Ideas & Society Program: Noel Pearson on The Voice
Within a matter of months the Australian people will be asked to decide at referendum whether the First Peoples of Australia will be recognised in the Constitution through the establishment of a new institution, an indigenous Voice to Parliament.
- Tuesday 25 July 2023 05:00 pm until Tuesday 25 July 2023 06:30 pm (Add to calendar)
- University Events
- Presented by:
- Ideas & Society Program
- Type of Event:
- Alumni; Community Event; Public Lecture
- Free to register
Within a matter of months the Australian people will be asked to decide at referendum whether the First Peoples of Australia will be recognised in the Constitution through the establishment of a new institution, an Indigenous Voice to Parliament.
In 2017, after years of discussions with their communities across the continent, the Indigenous peoples settled upon a profoundly moving form of words—"The Uluru Statement from the Heart”—inviting all citizens to recognise the Indigenous peoples of Australia within the Constitution so that the nation and its democracy could be complete.
Soon after, the Indigenous peoples settled upon the idea of an advisory body—"The Voice to Parliament”—entrenched within the Constitution, as the most effective and practical means by which the possibilities for improving the lives of Indigenous Australians offered by Constitutional Recognition could be realised.
According to the Convenor of La Trobe University’s Ideas and Society Program, Professor Robert Manne, “the result of the referendum on Indigenous Constitutional recognition and the Voice will determine the moral character of the nation for decades to come”.
“La Trobe University is honoured that Noel Pearson, one of the champions and architects of the marriage of Constitutional Recognition with the idea of the Voice to Parliament, has accepted our invitation. Noel has been for the past forty years one of Australia’s most creative and courageous public intellectuals and our nation's greatest orator.”
“We are also delighted that Shireen Morris has agreed to lead the conversation. Shireen worked closely with Noel for many years. She is also the author of Radical Heart, a brilliant history of the road that led to “Uluru—the Statement from the Heart” and to this year’s referendum.”
Noel Pearson’s conversation with Shireen Morris on Constitutional Recognition and The Voice is an event not to be missed by all those interested in the future of Australia.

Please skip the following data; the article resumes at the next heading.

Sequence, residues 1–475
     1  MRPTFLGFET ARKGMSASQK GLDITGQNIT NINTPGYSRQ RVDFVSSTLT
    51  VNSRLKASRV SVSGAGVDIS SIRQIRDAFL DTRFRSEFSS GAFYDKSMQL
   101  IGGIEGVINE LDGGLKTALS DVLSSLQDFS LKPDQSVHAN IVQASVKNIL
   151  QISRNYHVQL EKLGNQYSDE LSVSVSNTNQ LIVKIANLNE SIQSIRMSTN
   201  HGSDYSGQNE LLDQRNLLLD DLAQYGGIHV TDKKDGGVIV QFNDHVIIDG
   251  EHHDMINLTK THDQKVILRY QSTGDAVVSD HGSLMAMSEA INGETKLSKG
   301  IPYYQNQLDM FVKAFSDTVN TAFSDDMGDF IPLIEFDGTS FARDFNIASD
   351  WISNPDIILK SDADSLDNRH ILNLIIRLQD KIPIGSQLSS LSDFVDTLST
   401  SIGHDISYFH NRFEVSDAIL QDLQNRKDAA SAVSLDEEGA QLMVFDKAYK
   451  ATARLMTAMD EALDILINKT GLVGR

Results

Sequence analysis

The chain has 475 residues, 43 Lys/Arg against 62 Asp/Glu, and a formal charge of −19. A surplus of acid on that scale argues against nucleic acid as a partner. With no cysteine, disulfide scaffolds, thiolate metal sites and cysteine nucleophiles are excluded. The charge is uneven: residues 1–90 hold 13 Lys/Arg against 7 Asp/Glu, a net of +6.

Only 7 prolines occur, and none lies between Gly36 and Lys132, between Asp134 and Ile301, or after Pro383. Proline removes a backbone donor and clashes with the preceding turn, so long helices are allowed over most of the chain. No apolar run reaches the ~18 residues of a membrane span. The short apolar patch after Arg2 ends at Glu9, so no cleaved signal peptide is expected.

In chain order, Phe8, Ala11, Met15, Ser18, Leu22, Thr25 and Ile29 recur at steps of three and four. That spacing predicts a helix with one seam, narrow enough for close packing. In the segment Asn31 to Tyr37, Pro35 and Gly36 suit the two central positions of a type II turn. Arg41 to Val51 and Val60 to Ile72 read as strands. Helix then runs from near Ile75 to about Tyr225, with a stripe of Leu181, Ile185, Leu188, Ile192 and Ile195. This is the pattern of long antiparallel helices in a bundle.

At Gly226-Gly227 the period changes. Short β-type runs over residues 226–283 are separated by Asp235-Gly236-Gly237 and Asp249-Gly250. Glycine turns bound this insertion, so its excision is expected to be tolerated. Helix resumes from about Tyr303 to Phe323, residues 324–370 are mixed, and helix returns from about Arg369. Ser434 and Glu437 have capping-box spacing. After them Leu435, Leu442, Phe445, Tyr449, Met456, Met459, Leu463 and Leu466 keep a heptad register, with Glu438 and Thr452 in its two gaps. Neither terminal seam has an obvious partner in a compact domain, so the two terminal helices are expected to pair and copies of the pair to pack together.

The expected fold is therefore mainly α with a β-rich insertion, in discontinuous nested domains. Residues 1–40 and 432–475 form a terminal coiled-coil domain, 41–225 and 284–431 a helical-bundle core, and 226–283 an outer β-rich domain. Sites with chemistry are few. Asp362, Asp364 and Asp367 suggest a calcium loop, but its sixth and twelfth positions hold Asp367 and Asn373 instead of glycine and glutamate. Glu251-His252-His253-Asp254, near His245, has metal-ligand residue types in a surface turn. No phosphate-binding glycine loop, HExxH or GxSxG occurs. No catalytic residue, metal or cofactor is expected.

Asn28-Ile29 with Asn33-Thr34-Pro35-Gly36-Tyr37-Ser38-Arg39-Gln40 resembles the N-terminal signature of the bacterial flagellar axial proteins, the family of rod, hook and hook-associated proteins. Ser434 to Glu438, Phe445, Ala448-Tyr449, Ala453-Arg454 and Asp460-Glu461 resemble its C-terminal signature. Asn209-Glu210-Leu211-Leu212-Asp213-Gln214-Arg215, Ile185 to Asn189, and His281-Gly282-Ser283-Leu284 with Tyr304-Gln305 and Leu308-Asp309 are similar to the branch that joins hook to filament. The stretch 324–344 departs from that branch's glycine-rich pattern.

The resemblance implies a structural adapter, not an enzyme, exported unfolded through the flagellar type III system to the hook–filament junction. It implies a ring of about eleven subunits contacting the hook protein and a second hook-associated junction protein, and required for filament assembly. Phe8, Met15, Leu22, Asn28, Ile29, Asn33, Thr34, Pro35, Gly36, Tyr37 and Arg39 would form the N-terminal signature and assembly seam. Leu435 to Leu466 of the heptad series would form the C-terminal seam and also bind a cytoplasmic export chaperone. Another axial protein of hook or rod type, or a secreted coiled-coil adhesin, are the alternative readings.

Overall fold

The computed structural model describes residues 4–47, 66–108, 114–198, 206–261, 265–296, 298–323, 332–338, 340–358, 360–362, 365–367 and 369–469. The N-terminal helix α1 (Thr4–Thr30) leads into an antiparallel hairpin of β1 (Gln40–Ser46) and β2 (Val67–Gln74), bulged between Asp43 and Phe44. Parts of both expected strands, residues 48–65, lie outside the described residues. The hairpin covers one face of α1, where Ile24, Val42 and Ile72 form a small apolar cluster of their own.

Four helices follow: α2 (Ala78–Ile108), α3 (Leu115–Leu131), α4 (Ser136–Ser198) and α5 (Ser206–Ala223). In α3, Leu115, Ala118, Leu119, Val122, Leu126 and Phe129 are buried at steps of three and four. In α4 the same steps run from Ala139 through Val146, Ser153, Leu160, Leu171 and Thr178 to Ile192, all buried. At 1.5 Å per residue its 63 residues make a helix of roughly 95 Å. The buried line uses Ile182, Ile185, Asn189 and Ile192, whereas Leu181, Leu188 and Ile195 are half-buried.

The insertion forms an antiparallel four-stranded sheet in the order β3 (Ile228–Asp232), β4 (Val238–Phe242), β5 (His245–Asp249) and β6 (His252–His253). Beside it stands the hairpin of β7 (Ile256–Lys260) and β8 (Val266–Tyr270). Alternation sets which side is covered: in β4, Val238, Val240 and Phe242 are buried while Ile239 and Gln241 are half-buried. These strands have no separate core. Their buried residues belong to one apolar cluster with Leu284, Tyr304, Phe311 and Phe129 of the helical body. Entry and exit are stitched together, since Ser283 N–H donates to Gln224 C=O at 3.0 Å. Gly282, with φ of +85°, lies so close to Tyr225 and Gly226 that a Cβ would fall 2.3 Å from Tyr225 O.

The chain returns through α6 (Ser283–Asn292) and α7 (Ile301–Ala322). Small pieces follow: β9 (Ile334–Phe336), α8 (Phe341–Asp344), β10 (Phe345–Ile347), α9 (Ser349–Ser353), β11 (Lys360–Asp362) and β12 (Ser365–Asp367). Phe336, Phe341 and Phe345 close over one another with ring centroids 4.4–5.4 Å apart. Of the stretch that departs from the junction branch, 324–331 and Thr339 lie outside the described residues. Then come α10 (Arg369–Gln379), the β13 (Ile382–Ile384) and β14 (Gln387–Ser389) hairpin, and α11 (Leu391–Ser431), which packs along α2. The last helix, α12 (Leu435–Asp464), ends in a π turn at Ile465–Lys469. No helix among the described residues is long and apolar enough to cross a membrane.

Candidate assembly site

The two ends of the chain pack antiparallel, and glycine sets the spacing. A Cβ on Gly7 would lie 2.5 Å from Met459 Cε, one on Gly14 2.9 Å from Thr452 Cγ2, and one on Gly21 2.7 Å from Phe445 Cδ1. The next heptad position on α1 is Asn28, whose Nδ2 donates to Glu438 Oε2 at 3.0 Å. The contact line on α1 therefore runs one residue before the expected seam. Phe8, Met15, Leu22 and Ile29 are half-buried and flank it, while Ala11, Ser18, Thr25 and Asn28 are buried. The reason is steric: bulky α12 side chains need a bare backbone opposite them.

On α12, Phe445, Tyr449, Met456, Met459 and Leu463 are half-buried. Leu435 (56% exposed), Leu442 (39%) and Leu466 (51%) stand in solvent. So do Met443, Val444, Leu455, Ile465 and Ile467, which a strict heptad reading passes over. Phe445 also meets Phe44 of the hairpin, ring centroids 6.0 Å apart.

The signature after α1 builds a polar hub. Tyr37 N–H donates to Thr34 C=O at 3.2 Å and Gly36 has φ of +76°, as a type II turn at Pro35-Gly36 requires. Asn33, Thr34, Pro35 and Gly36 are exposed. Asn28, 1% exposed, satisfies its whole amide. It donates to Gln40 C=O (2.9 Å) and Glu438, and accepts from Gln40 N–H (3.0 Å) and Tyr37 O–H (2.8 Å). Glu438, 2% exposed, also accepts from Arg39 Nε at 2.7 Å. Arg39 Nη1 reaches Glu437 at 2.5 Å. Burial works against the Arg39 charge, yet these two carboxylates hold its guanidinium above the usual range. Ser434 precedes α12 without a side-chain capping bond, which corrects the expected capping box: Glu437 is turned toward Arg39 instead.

Speaker: Noel Pearson
Noel Pearson comes from the Guugu Yimidhirr community of Hope Vale on south eastern Cape York Peninsula. Mr Pearson is a lawyer, Founder and Director of Strategy of the Cape York Partnership and Founder of Good to Great Schools Australia . Mr Pearson also co-founded the Cape York Land Council and helped to establish Apunipima Health Council, Balkanu Cape York Development Corporation and Indigenous Enterprise Partnerships. Mr Pearson served as a member of the Expert Panel on Constitutional Recognition of Indigenous Australians and the Referendum Council.
Participating Chair: Dr Shireen Morris
Dr Shireen Morris is a constitutional lawyer, senior lecturer and director of the Radical Centre Reform Lab at Macquarie University Law School. She has spent the last 12 years working with Indigenous leaders like Noel Pearson and working with Cape York Institute, devising and advocating the concept of a constitutionally guaranteed Indigenous Voice, which was the subject of her 2017 PhD thesis. Since 2020, Shireen has been particularly focussed on building multicultural and multifaith support for the Voice.
Other research interests include free speech and the implied freedom of political communication, Australian republicanism, and economic inequality. Shireen delivered the 2022 John Button Oration on radical centre economic reform. She publishes widely in academia and mainstream media and often commentates on TV and radio. Books include: Statements from the Soul: the moral case for the Uluru Statement from the Heart (2023), A First Nations Voice in the Australian Constitution (2020), A Rightful Place: a roadmap to recognition (2017), The Forgotten People: liberal and conservative approaches to recognising Indigenous peoples (2016).
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